Austere times are prevailing, repeating from one generation to another. The same battles between workers, owners, unions and management, re-occur in a consistent way ever since factory production began. ‘It’s all about money, money, moneyfacturing.’

This last word is created by Oliver Wakeman, one of the son’s of Rick and he is credited for all of the lyric writing on “Ravens and Lullabies” which is collaboration between Oliver and Gordon Giltrap.
Giltrap gives full control to Wakeman on the lyric writing, which focuses on the modern issues of society, now more prevalent than ever with the passing of a recent Prime Minister which has divided the Nation.

‘Steel workers get turned away; meanwhile you fill you Bentley up to the Brim. You drive it home with your head held high. Tell me what you bring to the table; don’t care if your black or white, as long as you are here all day and night’. Giltrap opens with his famous classical guitar style which turns into an angry vocal provided by Paul Manzi.

“From The Turn Of A Card” turns out well as Oliver brings in his former Yes compatriot Benoit David. On this performance Benoit sounds like Gene Pitney and pulls off a neat song which is a unique demonstration of his abilities. Put out to the vote, most Yes fans declared that the voice was akin to Neil Diamond, but all were pleased that Benoit has found his own voice and place, not trying to imitate Jon Anderson.

“Is This The Last Song I Write?” is a haunting and very beautifully crafted number about a man who is sensing and almost fearing the end of his life and his life’s-work. The story unfolds of a very lonely person the end result being ‘is that it?’ . Parallels here can be sought in the life of the Yes guitarist Peter Banks who recently passed away. He left no family and it took weeks for his affairs to be sorted out, in the end it was one of his fans who took control and worked with the coroner. A sad tale indeed. Clearly it is not always what it seems in the world of rock and roll and there can be lonely times.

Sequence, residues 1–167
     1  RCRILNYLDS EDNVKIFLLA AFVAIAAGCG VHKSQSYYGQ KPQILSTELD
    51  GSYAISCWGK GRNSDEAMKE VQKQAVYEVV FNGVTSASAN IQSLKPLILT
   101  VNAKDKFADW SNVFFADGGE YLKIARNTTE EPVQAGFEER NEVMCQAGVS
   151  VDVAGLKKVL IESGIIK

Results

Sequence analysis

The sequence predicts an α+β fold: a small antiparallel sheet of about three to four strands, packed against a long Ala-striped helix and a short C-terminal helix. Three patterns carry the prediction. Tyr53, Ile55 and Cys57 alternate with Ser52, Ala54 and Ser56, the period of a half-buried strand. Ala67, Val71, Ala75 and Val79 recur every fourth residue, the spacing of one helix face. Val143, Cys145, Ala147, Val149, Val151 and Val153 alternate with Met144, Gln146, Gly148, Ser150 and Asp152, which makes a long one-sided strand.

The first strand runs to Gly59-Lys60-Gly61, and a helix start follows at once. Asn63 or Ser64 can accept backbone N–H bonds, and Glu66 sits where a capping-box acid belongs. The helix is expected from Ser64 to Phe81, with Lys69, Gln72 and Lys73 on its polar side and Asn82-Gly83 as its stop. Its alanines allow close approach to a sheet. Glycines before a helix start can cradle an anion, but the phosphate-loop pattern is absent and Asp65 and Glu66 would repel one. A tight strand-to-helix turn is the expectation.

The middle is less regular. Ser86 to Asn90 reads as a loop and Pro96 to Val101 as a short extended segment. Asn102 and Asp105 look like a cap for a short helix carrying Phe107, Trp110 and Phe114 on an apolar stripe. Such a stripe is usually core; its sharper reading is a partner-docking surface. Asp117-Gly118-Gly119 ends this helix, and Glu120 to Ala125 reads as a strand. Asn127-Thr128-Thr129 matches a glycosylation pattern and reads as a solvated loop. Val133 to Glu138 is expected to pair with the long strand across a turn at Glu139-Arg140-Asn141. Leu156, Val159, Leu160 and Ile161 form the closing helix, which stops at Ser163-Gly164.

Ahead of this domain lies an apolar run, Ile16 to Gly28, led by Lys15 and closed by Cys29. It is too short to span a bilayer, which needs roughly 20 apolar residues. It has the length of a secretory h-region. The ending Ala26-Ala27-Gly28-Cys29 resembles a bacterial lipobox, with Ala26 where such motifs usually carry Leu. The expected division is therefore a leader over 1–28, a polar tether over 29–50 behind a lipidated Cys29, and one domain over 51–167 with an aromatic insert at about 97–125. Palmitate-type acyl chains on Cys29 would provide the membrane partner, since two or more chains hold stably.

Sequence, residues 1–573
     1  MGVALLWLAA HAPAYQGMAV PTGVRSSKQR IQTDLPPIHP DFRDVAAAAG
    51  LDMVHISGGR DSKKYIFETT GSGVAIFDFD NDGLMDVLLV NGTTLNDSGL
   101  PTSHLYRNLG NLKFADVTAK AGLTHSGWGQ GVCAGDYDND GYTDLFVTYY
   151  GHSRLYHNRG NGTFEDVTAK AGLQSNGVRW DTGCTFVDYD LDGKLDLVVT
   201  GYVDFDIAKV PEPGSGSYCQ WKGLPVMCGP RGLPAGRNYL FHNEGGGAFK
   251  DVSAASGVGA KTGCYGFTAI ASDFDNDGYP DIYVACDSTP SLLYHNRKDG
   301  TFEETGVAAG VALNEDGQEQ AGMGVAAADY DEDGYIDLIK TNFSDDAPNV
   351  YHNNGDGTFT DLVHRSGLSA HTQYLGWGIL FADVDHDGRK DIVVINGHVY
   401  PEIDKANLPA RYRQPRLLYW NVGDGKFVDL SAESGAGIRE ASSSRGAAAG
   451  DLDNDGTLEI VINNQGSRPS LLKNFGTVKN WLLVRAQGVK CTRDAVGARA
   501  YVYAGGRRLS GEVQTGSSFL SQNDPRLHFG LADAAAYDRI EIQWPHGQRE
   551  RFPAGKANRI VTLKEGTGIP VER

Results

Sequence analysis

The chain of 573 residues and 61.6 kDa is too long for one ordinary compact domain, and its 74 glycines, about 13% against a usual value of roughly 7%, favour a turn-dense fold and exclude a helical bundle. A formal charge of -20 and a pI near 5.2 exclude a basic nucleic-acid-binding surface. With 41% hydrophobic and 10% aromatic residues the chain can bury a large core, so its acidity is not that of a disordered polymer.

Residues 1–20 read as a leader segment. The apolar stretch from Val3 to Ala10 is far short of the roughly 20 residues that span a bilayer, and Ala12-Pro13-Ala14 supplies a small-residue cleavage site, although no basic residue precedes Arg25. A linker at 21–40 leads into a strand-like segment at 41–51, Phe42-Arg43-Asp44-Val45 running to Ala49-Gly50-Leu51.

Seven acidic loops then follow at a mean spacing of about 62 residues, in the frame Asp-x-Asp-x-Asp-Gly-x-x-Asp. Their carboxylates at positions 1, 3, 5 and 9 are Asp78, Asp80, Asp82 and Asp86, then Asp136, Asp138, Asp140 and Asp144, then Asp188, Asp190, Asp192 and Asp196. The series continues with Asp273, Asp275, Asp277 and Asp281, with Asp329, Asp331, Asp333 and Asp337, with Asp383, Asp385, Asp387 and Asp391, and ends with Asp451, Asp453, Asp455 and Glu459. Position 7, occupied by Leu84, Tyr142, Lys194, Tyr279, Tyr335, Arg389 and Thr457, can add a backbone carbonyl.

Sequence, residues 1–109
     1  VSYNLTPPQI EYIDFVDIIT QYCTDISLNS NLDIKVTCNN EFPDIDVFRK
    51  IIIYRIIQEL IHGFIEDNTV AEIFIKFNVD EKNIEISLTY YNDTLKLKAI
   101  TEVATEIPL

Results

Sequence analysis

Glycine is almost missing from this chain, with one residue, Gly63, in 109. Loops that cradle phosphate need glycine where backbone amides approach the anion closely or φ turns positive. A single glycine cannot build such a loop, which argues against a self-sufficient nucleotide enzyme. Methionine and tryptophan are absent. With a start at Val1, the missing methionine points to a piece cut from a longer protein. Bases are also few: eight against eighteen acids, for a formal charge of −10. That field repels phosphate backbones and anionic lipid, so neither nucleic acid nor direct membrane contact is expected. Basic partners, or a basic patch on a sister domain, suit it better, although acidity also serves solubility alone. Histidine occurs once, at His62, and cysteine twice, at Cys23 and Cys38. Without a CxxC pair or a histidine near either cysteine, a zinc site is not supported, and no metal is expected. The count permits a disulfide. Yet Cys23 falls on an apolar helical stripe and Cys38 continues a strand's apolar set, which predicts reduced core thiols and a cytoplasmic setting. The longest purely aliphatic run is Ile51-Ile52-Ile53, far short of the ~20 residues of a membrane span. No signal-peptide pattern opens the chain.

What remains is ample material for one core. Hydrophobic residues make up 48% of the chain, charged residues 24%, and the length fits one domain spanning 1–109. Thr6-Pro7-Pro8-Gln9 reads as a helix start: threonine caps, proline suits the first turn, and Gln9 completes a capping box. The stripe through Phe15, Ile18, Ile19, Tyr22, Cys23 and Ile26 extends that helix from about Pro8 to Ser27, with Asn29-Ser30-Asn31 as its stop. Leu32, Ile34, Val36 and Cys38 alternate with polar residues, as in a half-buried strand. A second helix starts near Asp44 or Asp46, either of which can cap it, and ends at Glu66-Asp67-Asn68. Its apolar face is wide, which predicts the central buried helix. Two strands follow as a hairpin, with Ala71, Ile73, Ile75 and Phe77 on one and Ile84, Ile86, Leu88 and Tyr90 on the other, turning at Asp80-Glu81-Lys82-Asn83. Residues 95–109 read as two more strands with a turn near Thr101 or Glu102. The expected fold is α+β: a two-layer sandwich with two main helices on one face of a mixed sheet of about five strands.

‘A Perfect Day’ is reminiscent of the greatest Yes track from Fragile the ‘South Side of the Sky’, a chip of the old block Oliver Wakeman certainly is, but things were not like that as Oliver grew up. He has his father’s talent and genes but grew up independently. Oliver and Gordon give a neat interview about their partnership which can be found on You Tube video from backstage at the Trowbridge Arts Festival. Oliver informs us though that Rick was not always around n the early days and it was his Mother who pushed him to go to piano lessons. Oliver was playing excellent keyboards before Rick came back home.

We hear on “Credit Carnival” that ‘where religion has no hope, in the city of light, you are going home lonely tonight’ the subject matter juxtaposed by the fact that it is a very catchy number. “One For Billie” turns in to the finale “Ravens will Fly Away” which conjures up all the black spirits. There is always a danger that a famous father gets the musical credit and overshadows the offspring’s offering but here Oliver Wakeman writes interesting lyrics and one of the reasons that Gordon Giltrap wanted to work with him was because of the vitality and freshness that Oliver brings to projects.

“Ravens and Lullabies” is an album of modern social comment served in a dish of progressive rock styles mixed up from two mates, one on a continuing journey and one on a return ticket.

Review by Tim Price for Rockshot. April 2013.